A recently emerging research area at the intersection of philosophy of biology and bioethics is over the definition of life. This question has multiple dimensions. National Aeronautics and Space Administration (NASA) scientists wonder about the definition as they pursue research into the question of life on other planets. How will researchers know whether what they find is a living organism or a (nonliving) chemical reaction? Biologists interested in the origins of life similarly strive to understand the demarcation between the living and nonliving as they construct their models. Genomic scientists attempt to better understand gene function by trying to determine the minimal number of genes necessary for life—life's genetic essence. Public policy makers and scientists debate the moral significance of ex vivo fertilized egg cells and the stem cells that can be derived from them. Are the embryos living? Are they alive when they are frozen? Are the stem cells that can be derived from them living beings deserving of respect or are they research tools to be used to help people suffering from disease?
The process of development, from an early embryo to a fully differentiated and functioning organism is a long, complex process. Determining the moral status of that embryo at different stages of the process is a difficult task (Green). Prior to implantation, an embryo's undifferenti-ated blastomeres are each capable of creating separate and unique individuals (through twining). Other traits emerge later as the nervous system develops. At what point is there a (human) life? And is life (as opposed to, for instance, personhood) the right concept to be considering? And what is the status of the derived stem cells themselves? As Arthur Caplan and Glen McGee have argued, the problem of "What's in the dish?" remains one of the key concepts in this policy debate. At heart though, the issue turns on precisely the kinds of metaphysical and biological issues that philosophy of biology has been exploring for decades. Surprisingly few have weighed in (Maienschein) but more can be expected to do so in the future.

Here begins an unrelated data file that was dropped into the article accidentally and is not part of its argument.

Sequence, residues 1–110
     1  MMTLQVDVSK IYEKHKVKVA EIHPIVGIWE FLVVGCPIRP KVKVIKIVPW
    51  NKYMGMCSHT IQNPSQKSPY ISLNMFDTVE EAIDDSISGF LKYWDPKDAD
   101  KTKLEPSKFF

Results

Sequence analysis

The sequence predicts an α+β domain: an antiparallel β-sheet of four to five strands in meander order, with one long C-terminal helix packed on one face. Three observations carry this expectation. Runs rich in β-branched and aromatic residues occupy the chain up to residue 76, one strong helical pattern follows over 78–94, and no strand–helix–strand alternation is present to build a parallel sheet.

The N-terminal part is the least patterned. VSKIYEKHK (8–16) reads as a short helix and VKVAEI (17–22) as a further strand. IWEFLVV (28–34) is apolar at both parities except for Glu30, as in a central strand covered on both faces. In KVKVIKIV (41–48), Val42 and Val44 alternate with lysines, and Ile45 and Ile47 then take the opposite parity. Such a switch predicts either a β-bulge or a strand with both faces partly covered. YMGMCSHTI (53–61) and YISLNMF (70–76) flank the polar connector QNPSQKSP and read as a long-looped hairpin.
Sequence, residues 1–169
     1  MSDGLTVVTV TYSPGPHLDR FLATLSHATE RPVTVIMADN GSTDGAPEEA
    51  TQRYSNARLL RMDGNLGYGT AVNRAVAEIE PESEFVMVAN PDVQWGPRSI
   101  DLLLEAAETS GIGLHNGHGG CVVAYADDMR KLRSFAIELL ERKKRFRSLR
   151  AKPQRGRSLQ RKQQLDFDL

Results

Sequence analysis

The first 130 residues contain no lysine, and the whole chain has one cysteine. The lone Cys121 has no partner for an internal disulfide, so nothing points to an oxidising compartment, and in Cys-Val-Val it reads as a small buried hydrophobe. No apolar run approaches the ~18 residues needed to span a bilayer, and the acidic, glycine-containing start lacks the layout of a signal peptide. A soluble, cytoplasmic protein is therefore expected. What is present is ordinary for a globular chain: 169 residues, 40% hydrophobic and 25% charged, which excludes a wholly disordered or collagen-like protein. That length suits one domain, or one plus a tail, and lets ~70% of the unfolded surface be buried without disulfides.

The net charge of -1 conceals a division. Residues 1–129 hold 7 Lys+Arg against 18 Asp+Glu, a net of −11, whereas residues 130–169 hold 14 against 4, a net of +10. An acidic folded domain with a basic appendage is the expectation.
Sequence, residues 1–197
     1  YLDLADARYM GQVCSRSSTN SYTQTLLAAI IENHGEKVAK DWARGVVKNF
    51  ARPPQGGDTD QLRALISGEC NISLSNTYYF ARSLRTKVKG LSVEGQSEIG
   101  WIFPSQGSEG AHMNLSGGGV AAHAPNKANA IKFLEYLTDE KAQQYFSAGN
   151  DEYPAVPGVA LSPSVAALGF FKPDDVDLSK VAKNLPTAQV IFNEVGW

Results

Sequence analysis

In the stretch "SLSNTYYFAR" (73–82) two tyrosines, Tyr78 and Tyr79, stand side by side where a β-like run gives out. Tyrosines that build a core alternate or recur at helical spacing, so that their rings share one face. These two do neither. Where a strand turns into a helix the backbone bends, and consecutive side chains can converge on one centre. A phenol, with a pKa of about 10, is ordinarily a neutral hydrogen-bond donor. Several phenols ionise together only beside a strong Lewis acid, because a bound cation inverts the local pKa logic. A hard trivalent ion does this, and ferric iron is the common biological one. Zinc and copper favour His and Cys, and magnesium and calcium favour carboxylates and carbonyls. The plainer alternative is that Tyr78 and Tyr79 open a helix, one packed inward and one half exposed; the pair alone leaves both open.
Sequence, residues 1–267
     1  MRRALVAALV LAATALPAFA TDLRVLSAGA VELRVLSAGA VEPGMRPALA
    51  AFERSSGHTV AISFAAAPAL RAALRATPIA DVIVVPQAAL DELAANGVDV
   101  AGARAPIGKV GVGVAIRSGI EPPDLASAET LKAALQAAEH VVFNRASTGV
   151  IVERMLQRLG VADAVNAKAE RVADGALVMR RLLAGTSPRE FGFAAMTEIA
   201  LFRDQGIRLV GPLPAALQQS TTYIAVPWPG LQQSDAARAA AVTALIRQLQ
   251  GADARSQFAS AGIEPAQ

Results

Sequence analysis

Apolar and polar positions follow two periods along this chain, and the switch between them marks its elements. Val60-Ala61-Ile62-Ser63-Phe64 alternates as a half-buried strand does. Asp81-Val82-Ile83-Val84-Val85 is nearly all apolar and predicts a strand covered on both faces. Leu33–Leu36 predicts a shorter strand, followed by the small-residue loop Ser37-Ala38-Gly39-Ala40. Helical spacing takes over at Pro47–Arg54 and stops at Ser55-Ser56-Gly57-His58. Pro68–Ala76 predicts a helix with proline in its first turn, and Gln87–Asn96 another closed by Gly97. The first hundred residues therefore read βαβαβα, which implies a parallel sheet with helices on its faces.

Debates about the origins of life have produced very different approaches to the meaning of life (Rizzotti). More reductionist accounts place a heavy emphasis on genetic features—the ability to replicate is key and the genes are seen as what make cells alive. In contrast, metabolists have long focused on the interactive elements of living things. Recent attempts to define the minimal genome represent the latest in the reductionist approach to defining life (Cho et al.).
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